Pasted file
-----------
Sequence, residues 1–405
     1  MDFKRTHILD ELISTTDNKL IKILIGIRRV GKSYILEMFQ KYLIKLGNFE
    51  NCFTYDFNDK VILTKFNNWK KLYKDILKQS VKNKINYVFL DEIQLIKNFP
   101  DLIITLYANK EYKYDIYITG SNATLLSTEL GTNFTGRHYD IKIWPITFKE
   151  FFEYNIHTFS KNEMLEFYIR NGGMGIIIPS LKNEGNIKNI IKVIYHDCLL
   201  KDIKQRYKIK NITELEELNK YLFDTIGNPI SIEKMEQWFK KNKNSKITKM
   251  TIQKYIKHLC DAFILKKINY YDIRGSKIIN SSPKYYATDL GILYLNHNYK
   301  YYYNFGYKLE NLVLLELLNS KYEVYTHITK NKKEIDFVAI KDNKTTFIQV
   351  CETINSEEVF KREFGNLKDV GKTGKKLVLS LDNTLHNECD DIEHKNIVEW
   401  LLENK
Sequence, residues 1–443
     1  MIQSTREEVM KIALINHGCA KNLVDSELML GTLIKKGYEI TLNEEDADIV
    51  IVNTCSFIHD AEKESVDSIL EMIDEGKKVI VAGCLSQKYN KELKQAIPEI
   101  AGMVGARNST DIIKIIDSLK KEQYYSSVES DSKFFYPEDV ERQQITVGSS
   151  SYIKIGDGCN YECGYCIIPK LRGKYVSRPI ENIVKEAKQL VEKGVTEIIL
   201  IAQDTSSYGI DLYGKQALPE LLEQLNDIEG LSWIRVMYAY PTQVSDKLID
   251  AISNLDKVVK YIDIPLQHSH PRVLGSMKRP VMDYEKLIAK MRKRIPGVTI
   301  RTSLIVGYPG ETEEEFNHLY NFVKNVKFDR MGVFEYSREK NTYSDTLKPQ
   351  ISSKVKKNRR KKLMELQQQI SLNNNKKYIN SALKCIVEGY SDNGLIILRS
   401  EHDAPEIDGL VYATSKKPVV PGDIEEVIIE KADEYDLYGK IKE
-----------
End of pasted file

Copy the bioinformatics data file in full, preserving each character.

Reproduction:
Sequence, residues 1–405
     1  MDFKRTHILD ELISTTDNKL IKILIGIRRV GKSYILEMFQ KYLIKLGNFE
    51  NCFTYDFNDK VILTKFNNWK KLYKDILKQS VKNKINYVFL DEIQLIKNFP
   101  DLIITLYANK EYKYDIYITG SNATLLSTEL GTNFTGRHYD IKIWPITFKE
   151  FFEYNIHTFS KNEMLEFYIR NGGMGIIIPS LKNEGNIKNI IKVIYHDCLL
   201  KDIKQRYKIK NITELEELNK YLFDTIGNPI SIEKMEQWFK KNKNSKITKM
   251  TIQKYIKHLC DAFILKKINY YDIRGSKIIN SSPKYYATDL GILYLNHNYK
   301  YYYNFGYKLE NLVLLELLNS KYEVYTHITK NKKEIDFVAI KDNKTTFIQV
   351  CETINSEEVF KREFGNLKDV GKTGKKLVLS LDNTLHNECD DIEHKNIVEW
   401  LLENK
Sequence, residues 1–443
     1  MIQSTREEVM KIALINHGCA KNLVDSELML GTLIKKGYEI TLNEEDADIV
    51  IVNTCSFIHD AEKESVDSIL EMIDEGKKVI VAGCLSQKYN KELKQAIPEI
   101  AGMVGARNST DIIKIIDSLK KEQYYSSVES DSKFFYPEDV ERQQITVGSS
   151  SYIKIGDGCN YECGYCIIPK LRGKYVSRPI ENIVKEAKQL VEKGVTEIIL
   201  IAQDTSSYGI DLYGKQALPE LLEQLNDIEG LSWIRVMYAY PTQVSDKLID
   251  AISNLDKVVK YIDIPLQHSH PRVLGSMKRP VMDYEKLIAK MRKRIPGVTI
   301  RTSLIVGYPG ETEEEFNHLY NFVKNVKFDR MGVFEYSREK NTYSDTLKPQ
   351  ISSKVKKNRR KKLMELQQQI SLNNNKKYIN SALKCIVEGY SDNGLIILRS
   401  EHDAPEIDGL VYATSKKPVV PGDIEEVIIE KADEYDLYGK IKE